The Art Newspaper says that while the strong relationships built between wealthy art collectors and museums in the 19th century were taken for granted, recently questions have been raised about the kind of connections that are appropriate. Last year, the Los Angeles County Museum of Art courted controversy when it hosted an exhibition of comedian Cheech Marin’s private collection of works by Chicano painters. Online blogger Hoogrrl suggested: ‘He (Cheech Marin) should direct his efforts at helping LACMA mount a Chicano art show that is curated and scholarly instead of a mere exhibition of his own collection, which I understand is not the best representation of Chicano art anyway and may actually diminish the importance of this these artists in the history of contemporary art. The mission of a public institution is going to be different from that of an individual, therefore, individual collectors should find creative ways to show their collections and promote their goals by using private funds, in private settings.’
The Leipzig Museum of Contemporary Art director Barbara Steiner plans to follow LACMA’s initiative and host a series of shows by private collectors rather than curate the exhibitions using their works as a foundation. She says it is ‘open experiment in the way that public and private resources can be used together.’ Steiner believes it does not blur the boundaries between public and commercial interests but sheds light on the issue that private museums are increasingly ‘manouvering public institutions out of the limelight’.
Munich’s Haus der Kunst director Dr Dercon argues: ‘You can raise questions about public and private museums, but what we need to discuss is the usurping of intellectual power by the commercial world.’
Collectors give the public access to some of the world’s finest masterpieces but public institutions need to work together to better define their benefactor’s role. Hooggrrl agrees with Dercon that the modern issue lies with private institutions. ‘The “undue” influence of collectors and dealers is less of a threat than the noticeable tendency for these parties to lose interest in public institutions. If a director feels the influence of a collector or dealer in a particular proposal is too great, then he or she should simply say “no”. The real problem is that private collectors no longer feel the need to put pressure on museums to gain influence over them. They simply build their own exhibition spaces and appoint directors of their choice. This loss of interest is slowly manoeuvring public art institutions out of public visibility and away from social recognition.’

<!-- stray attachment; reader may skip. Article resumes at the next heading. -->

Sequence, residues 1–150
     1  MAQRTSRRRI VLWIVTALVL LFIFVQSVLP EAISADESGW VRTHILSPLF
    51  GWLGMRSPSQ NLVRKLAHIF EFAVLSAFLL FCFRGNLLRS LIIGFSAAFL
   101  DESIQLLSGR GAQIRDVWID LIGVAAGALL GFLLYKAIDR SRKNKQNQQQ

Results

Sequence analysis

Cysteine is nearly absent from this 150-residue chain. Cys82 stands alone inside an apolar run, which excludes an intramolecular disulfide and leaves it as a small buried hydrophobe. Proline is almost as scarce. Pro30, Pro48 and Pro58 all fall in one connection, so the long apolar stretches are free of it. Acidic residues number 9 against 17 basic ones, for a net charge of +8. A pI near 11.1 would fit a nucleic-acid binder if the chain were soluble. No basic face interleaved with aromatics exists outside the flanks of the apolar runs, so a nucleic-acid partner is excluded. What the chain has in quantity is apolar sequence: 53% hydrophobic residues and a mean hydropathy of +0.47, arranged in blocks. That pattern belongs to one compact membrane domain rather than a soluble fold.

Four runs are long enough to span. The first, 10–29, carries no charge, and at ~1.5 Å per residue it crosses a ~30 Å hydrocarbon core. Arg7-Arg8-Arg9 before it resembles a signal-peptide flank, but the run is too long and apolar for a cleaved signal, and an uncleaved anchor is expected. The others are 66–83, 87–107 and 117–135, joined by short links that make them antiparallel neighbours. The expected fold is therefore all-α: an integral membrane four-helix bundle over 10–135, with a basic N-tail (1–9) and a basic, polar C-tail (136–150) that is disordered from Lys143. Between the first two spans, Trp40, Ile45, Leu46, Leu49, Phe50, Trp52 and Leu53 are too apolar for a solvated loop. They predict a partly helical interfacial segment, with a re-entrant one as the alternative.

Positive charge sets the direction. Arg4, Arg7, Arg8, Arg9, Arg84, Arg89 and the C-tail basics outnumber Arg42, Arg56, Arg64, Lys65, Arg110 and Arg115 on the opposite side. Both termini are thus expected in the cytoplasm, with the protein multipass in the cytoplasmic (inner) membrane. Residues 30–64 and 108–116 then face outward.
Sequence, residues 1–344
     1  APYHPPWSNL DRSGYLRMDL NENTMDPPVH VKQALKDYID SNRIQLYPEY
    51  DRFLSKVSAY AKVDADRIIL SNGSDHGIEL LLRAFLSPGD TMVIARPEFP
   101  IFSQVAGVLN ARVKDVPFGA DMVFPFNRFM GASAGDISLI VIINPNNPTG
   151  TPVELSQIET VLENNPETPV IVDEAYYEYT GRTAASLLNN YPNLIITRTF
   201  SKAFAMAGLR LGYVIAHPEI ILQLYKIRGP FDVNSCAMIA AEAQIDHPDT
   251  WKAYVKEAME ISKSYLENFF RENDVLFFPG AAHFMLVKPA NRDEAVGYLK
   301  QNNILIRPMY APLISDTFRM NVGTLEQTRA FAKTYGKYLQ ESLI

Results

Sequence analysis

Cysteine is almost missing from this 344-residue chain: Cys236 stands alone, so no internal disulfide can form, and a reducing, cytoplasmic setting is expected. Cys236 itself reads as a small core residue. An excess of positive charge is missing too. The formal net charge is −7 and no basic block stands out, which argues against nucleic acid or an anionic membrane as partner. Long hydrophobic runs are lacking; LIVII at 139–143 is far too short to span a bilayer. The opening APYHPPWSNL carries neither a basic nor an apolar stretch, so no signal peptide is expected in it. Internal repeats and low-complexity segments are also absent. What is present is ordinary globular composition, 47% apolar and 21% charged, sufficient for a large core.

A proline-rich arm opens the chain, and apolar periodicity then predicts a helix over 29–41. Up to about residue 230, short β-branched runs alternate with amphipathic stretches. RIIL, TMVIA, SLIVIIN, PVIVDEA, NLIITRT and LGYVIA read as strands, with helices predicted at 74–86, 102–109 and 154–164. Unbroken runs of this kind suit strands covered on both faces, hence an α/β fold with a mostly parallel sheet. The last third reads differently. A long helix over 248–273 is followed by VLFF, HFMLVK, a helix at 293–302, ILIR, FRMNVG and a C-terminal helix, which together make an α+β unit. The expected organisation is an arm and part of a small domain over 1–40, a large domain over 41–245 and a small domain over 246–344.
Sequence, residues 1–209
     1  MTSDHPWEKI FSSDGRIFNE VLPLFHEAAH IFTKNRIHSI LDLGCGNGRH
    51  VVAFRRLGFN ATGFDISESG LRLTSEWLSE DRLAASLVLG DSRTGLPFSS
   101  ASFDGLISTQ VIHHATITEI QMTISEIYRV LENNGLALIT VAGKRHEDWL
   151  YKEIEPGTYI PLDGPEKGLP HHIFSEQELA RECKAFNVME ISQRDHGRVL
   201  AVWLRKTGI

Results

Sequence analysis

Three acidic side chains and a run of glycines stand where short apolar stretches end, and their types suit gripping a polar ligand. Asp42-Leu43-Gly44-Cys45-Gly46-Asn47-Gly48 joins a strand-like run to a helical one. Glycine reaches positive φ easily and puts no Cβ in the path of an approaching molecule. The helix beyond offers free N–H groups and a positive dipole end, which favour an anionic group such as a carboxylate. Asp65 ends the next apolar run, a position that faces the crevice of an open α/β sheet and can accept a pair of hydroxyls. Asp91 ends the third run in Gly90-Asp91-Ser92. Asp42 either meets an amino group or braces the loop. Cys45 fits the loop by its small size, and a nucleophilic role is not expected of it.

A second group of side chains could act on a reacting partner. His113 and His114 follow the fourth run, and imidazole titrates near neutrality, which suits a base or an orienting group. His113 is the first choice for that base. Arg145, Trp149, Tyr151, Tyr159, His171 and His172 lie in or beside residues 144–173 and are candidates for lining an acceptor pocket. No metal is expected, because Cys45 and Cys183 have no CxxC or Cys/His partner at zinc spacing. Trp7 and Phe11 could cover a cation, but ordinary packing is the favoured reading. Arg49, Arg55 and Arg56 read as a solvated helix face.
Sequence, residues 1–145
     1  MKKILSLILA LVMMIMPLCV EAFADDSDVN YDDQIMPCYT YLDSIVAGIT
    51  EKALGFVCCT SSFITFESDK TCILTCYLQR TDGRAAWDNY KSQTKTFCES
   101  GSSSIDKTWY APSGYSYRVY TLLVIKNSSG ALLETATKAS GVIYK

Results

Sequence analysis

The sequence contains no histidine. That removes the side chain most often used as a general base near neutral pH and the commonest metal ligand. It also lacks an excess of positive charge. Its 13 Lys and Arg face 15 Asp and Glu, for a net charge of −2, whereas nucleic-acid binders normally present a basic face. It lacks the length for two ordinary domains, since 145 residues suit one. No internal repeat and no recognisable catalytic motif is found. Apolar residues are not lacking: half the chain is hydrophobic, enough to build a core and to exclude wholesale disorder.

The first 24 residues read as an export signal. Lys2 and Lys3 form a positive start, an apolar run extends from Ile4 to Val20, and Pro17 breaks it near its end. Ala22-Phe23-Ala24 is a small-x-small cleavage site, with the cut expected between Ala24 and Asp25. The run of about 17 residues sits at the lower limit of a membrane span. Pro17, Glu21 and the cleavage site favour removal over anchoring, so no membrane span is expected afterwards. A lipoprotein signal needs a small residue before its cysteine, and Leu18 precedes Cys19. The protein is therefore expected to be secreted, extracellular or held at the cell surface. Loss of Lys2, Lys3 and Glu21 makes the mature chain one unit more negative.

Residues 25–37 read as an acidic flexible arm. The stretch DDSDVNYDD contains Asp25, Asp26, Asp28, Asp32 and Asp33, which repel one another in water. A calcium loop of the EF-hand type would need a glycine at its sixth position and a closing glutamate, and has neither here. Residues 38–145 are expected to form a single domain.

Here are several examples of cross-sector collaborations in Australia:
Case study 1: The Sherman Contemporary Art Foundation, Sydney is an example of a private not-for-profit institution in Australia. Its mission statement is to exhibit significant works not easily accommodated in private galleries, contemporary art spaces or the museum sector’.
Case study 2: Larrakitj, Kerry Stokes Collection and the Art Gallery of Western Australia
The Art Gallery of Western Australia presented the exhibition of Indigenous sculptures Larrakitj from the Kerry Stokes Collection. It was curated by the Kerry Stokes Collection associate curator Anne Brody.
Case study 3: John Kaldor and the Museum of Contemporary Art, Sydney
In 1995 the MCA exhibited John Kaldor’s private collection, John Kaldor Public Art Projects and Collection, to coincide with an exhibition of Jeff Koon’s work and the latest Kaldor art project, Puppy.
Case Study 4: James Fairfax and the Art Gallery of NSW
One of this country’s greatest philanthropists James Fairfax donated his entire European art collection to the Art Gallery of New South Wales in 2003 transforming the gallery’s collection. Works by van Ruisdael, Rubens, Canaletto, Claude, Boucher, Amigoni, Domenico, Tiepolo, van Mieris and drawings by Ingres, Watteau, Fragonard and Greuze have been displayed in the galleries that bear his name.
The gallery’s press release says, ‘These gifts have enriched the collection of the Art Gallery of NSW and provided impetus and direction to the development of this previously under-represented aspect of the Gallery’s collection … The quality and distinction of the works he has acquired would grace any of the world’s great public institutions.’